WASHINGTON (Reuters) - The U.S. Treasury on Wednesday imposed sanctions on three Chinese men accused of illegally trafficking fentanyl, acting three weeks after President Donald Trump accused Beijing of reneging on pledges to stem a flood of the highly addictive synthetic opioid into the United States.
The trio included a father and son indicted in Ohio last year on charges of producing and smuggling fentanyl and fentanyl-related substances. The third man was indicted on similar charges in Mississippi in 2017.
The trafficking operations the three allegedly run “are directly contributing to the crisis of opioid addiction, overdoses, and death in the United States,” Under Secretary of the Treasury Sigal Mandelker charged in a statement.
The United States had pressed China to arrest Fujing Zheng and his father, Guanghua Zheng, and Xiaobing Yan since their indictments. However, all three and five other Chinese citizens indicted in the United States for fentanyl trafficking have remained free, according to a U.S. Congressional Research Service report last December.
The United States is in the middle of a major trade war and other serious disputes with China, making it uncertain whether the Treasury Department action would have any impact on Beijing. Some experts believe any crackdown by Beijing will depend on meaningful progress toward resolving the trade war.
White House counselor Kellyanne Conway, tapped by Trump to oversee efforts to fight the opioid crisis, told reporters the administration would “continue to name and shame and prosecute and punish people who are peddling their poison into our kids and into our communities.”
The three men sanctioned on Wednesday were designated as foreign drug kingpins by the U.S. Treasury Department’s Office of Foreign Assets Control under a law that freezes any property they control in the United States and bars American citizens from doing business with those properties.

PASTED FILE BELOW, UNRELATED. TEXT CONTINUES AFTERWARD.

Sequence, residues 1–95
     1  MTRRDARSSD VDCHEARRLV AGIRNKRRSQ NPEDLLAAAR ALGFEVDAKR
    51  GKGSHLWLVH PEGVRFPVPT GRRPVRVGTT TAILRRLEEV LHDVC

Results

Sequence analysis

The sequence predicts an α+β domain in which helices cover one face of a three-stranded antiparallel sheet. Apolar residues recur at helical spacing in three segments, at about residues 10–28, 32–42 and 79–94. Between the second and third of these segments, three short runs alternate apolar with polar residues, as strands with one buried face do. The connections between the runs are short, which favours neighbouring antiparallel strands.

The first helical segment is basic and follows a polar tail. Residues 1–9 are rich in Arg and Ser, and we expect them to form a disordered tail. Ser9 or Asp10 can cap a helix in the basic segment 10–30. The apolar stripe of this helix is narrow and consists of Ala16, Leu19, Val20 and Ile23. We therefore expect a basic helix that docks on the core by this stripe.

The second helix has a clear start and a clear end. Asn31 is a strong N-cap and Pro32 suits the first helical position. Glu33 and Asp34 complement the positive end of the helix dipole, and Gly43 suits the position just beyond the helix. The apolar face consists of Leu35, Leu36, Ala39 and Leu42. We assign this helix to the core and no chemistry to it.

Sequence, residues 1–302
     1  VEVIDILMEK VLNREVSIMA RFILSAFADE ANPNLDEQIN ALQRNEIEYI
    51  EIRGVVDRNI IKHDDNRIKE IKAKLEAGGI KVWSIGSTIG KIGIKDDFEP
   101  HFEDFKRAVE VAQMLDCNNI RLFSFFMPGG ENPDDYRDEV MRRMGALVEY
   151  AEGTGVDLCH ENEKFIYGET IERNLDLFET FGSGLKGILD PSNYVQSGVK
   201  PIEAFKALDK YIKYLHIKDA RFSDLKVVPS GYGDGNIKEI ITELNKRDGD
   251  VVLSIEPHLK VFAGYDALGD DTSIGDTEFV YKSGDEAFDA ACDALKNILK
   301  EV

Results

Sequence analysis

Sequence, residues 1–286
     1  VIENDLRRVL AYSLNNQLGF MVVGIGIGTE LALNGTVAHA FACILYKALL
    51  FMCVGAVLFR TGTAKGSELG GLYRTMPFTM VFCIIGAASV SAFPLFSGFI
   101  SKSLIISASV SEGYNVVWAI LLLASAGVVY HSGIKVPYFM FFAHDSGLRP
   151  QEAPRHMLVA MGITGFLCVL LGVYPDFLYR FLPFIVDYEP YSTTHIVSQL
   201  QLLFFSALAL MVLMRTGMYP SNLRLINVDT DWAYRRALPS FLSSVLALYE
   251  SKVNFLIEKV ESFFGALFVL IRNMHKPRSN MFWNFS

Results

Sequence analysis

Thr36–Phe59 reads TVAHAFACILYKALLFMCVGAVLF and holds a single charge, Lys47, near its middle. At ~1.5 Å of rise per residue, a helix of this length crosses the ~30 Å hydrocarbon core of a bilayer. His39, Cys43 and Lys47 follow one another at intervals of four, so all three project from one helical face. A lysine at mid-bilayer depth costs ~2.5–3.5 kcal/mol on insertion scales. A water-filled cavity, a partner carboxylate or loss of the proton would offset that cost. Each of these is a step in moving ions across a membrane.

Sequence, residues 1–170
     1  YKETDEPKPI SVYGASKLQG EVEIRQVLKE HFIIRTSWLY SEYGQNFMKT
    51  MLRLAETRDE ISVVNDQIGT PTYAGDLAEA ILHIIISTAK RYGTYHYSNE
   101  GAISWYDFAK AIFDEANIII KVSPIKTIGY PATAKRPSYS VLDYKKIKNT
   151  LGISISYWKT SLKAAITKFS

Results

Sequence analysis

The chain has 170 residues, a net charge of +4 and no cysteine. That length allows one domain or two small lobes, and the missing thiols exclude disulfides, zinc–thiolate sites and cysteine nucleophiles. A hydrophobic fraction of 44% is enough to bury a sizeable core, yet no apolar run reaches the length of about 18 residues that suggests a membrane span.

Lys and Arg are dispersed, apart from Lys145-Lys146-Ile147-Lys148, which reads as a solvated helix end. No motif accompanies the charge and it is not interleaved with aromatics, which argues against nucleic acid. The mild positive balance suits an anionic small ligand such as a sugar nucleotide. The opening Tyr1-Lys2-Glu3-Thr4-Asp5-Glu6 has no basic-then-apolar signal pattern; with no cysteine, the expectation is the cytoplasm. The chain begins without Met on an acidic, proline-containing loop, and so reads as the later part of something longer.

The three also face penalties ranging from civil fines of up to $1.1 million per violation to more serious criminal penalties, the Treasury Department said in a statement.
Fentanyl is a cheap, relatively easy-to-synthesize opioid painkiller 50 times more potent than heroin that has played a major role in the devastating U.S. opioid crisis. Fentanyl and all of its analogues are controlled substances subject to strict regulation in the United States.
More than 28,000 synthetic opioid-related overdose deaths, mostly from fentanyl-related substances, were recorded in 2017, according to the U.S. Centers for Disease Control and Prevention.
U.S. officials say China is the main source of illicit fentanyl and fentanyl-related substances that are trafficked into the United States, much of it through international mail. Beijing denies that most of the illicit fentanyl entering the United States originates in China.
The Treasury Department action came three weeks after Trump accused Chinese President Xi Jinping of failing to meet his promises to crack down on the deluge of fentanyl and fentanyl analogues flowing into the United States.
China fired back at Trump, calling his charge “blatant slander” and saying Beijing has made “unprecedented efforts” to halt illicit fentanyl production and trafficking.
Xi last December told Trump he would act. China announced a May 1 expansion of state controls to include the more than 1,400 known fentanyl analogues, and new ones developed in the future. Analogues have slightly different chemical makeups, but all are addictive and potentially deadly.
Speaking in Beijing on Thursday, Chinese foreign ministry spokesman Geng Shuang said China and the United States were cooperating on the anti-narcotics front, and had communicated on specific cases. He did not elaborate.
Reporting by Jonathan Landay and Lisa Lambert; Additional reporting by Ben Blanchard in BEIJING; editing by Jonathan Oatis
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